The particular speed responsive device herein shown for the purpose of illustrating the invention may comprise an alternating current generator I, of any well known type. Axially extending journals 2 and 3, Fig. 4, are receivablein up right supports 4 and 5 to provide suitable bearlugs for the journals. These journals or shafts 2 and 3 extend outwardly from the housing 6, and cap I2.

The housing 6 contains and supports a core structure I of ferro-magnetie material. A coil 8 is wound around the core structure I and is supported thereby. The ends of the winding of coil 8 are permanently connected, respectively, to slip rings 9 and II] which are supported and electrically separated by the insulating ring I I.

A cap I2 fits on the housing 6 and is secured thereto by screws threaded into the lugs 23. The cap I2 is bored to receive a bearing I 4 for the rotor shaft I5 whichcarries a rotor I6 consisting of a bracket H, a permanent magnet I8 and two soft iron pole pieces I9, I9. An alternating voltage is generated in the coil 8 and appears at the slip rings 9 and I I], when the rotor I {i is turned by its shaft I5 relative to the pole structure 7.

The upright supports l and 5 may be secured to a base 20 which also supports a constant speed driving device 2|. This speed driving device is preferably an alternating current synchronous motor supplied :by alternating current of constant frequency. The shaft of device or motor ZI' is coupled through a flexible coupling 22 to the rot-or shaft I5 of the generator I. e

The base 20 also supports an insulating block 23 to which collector brushes Z4 and 25 and binding posts 26 and 21 are secured. The brushes 2H and 25 bear upon the slip rings 53 and Iii, and these brushes serve to conduct such voltage as may be present between the slip, rings to bindin posts 26 and. 21. Conductors28' and 29 connect the binding posts to a measuring instrument 3!] which may be a voltmeter of any conventional construction and suitable range.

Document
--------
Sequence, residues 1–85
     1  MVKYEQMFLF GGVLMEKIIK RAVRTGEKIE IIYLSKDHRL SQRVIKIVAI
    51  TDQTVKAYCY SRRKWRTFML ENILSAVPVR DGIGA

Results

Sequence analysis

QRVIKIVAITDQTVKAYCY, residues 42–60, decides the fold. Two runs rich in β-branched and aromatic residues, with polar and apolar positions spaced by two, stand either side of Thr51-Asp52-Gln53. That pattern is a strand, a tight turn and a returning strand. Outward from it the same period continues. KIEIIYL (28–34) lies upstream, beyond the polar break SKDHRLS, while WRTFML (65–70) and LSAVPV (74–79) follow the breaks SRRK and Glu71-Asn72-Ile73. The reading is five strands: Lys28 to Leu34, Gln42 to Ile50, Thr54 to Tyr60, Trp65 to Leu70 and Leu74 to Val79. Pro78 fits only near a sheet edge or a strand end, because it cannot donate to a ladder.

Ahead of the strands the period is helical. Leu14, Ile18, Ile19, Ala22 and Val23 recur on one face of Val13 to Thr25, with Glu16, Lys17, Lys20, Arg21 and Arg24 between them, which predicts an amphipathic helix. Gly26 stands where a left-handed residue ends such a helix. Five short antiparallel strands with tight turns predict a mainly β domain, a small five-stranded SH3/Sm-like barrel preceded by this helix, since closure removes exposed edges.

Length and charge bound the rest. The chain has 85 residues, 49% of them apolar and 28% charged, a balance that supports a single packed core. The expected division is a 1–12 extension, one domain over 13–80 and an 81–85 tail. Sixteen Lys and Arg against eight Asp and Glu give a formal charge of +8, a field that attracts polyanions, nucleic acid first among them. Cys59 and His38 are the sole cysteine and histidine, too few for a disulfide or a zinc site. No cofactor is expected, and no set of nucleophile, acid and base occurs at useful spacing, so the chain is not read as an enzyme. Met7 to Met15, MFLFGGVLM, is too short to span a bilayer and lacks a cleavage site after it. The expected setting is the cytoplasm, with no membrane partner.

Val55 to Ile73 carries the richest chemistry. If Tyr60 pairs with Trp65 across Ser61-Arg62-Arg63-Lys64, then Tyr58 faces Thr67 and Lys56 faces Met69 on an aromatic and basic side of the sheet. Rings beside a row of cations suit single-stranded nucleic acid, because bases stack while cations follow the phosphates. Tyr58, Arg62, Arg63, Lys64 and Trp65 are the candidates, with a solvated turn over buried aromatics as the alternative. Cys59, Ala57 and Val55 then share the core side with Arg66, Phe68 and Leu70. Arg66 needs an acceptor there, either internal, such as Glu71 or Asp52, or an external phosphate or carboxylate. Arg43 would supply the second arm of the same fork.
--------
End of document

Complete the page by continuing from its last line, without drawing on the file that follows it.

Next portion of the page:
A shaft 3| eXtends beyond the journal 3 for the purpose of turning bodily the housing 6 and cap l2. This shaft 3| is adapted to be coupled to a rotating member such as a shaft 32, the speed of which is to be measured. The shaft 32, whose speed is to be determined, is shown coupled to the shaft 3| by a suitable coupling 33.

As an example to illustrate the operation of the device, let it be assumed that the parts are disposed as just described and the motor 2| is running at a predetermined constant speed, and that the input shaft 3|, and hence the housing 6, is not rotating. The rotor it of the generator therefore, is driven, at motor speed by the motor 2|, by the rotor shaft f5. The rotation of the rotor between the ends of the Stationary core,

structure I will then generate a voltage in the coil 8 which will beconducted by the slip rings 9 and 0, the brushes 24 and 25, the binding posts 26. and 21 and the. conductors 28 and 29 to the voltmeter 30. The needle of the voltmeter 3i! then will show a. deflection. Since the motor speed is constant, the generated voltage, and hence the voltmeter deflection, will remain constant so long as the housing is not turned. The speed of the motor 2| is so chosen that the frequency of the datum voltage is well within the frequency range which the meter 30 will accommodate. For convenience, the voltage generated with the housing 6 stationary will hereinafter be referred to as the datum voltage and the corresponding meter needle deflection will be called the datum deflection.